There are two types of recruitment, contract and permanent. Contract recruitment involves sourcing a candidate for a client for a specified period or a specific project under fixed-term contracts. In contrast, permanent recruitment is where a candidate is hired as a full-time employee by the client.
What is contract recruitment?
Fixed-term contracts, where the candidate isn't tied down to an employer, have grown in popularity. The rise of working from home has increased the demand for more flexible working arrangements for candidates.
Contract recruiters look for people on your behalf to fill short-term roles that have a set lifespan.
Contractual workers explained
A contract employee is someone who is hired to work for a company for a set period of time. This is usually outsourced to a recruiter who will find you a candidate. After a successful recruitment process, the candidate will sign a contract with a fixed term.
As a business, you do not need to pay holiday pay, sick pay, national insurance or other permanent employee benefits. The company or individual you contract with will be liable to pay taxes.
For temporary staff, contract recruiters will charge the client a fee comprising the worker's base salary plus the recruiter's fee.
Usually, for permanent employees, recruiters will charge the client a percentage of the employee's annual salary. This can be anywhere from around 10% to 30%.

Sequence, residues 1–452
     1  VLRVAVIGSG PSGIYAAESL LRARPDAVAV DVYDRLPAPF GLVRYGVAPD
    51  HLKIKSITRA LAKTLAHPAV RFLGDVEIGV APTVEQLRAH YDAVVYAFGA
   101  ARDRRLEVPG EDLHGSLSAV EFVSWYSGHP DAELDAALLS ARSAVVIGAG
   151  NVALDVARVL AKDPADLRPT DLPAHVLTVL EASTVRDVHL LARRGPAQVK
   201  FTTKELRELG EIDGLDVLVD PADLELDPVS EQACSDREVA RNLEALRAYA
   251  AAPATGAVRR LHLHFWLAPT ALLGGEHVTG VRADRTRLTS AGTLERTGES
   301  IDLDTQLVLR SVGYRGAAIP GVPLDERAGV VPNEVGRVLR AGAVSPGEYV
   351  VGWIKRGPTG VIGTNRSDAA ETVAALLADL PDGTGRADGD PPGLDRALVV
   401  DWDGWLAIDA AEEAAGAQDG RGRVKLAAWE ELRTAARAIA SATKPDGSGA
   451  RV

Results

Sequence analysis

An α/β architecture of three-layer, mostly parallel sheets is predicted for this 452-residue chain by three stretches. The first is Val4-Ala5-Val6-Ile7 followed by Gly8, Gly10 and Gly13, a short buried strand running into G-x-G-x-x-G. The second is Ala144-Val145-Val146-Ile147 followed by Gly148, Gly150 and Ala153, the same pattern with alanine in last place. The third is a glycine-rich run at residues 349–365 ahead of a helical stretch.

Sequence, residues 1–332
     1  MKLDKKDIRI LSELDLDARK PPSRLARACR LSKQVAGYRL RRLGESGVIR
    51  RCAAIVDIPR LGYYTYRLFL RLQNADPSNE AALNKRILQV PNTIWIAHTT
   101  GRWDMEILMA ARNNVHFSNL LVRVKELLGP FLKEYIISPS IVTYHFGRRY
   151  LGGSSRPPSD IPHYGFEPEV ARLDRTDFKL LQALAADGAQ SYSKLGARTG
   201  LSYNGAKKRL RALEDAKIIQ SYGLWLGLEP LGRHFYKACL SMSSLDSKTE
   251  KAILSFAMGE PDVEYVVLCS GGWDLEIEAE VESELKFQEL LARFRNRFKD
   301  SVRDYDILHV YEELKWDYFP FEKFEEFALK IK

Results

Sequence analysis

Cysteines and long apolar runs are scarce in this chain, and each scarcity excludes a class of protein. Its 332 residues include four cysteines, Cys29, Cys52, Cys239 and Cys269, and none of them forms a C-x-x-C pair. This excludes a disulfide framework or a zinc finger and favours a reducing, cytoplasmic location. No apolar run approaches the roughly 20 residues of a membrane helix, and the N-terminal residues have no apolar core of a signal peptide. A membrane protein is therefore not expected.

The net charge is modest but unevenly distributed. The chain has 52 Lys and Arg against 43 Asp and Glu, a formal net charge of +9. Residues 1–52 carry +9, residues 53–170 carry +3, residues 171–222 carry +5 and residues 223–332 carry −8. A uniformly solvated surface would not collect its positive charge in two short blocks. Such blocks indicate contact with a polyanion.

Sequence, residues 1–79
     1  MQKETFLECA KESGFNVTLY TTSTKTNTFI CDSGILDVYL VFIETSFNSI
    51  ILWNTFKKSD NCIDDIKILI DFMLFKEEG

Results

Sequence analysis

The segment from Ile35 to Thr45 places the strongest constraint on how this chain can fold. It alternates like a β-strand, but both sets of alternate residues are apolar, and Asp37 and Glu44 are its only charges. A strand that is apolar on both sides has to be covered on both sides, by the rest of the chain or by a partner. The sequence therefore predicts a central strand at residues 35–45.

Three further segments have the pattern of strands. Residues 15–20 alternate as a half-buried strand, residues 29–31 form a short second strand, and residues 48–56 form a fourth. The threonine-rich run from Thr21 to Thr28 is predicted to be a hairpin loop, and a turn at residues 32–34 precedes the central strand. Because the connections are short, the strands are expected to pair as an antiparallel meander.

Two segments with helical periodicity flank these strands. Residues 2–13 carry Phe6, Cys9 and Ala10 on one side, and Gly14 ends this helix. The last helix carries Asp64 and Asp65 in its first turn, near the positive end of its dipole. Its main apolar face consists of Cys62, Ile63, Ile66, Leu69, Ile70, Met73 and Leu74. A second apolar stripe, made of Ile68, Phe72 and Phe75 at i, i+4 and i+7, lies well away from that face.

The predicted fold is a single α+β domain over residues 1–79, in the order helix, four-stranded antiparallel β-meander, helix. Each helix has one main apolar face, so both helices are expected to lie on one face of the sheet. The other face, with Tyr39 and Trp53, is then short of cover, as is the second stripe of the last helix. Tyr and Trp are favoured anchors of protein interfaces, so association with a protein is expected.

Benefits of contract recruitment
There is less risk than hiring someone full-time as businesses also don't have to pay taxes, holiday pay, pension or other employee benefits. A contract recruiter will source talented candidates, meaning you won't need to waste resources such as company time.
When working with a contract recruiter to fill workforce shortages, your recruiter will be able to source quality candidates due to their extensive market knowledge and access to a pool of potential professionals. This leaves you to rest assured that you have the right candidate for the role.
Contract recruiting allows for flexibility depending on what your objectives will determine how you wish to proceed after the contract ends. You can keep the contractor on as a permanent employee if both parties are happy, or you can go your separate ways. Regardless of the outcome, this provides a flexible solution for you and the candidates.
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Why would a business need contract staff?
In our ever-changing economy, there might be many scenarios where employers want contractual staff on fixed contracts compared to permanent ones. These candidates are often referred to as the contingent workforce.
In the UK, employees can take up to 52 weeks of maternity leave. If an employee goes on maternity leave, their role must be filled while absent. Companies that may not have the budget to take on another full-time employee will resort to fixed contract hires. This ensures that when the original employee returns, the contract for the replacement hire will end, and they will leave.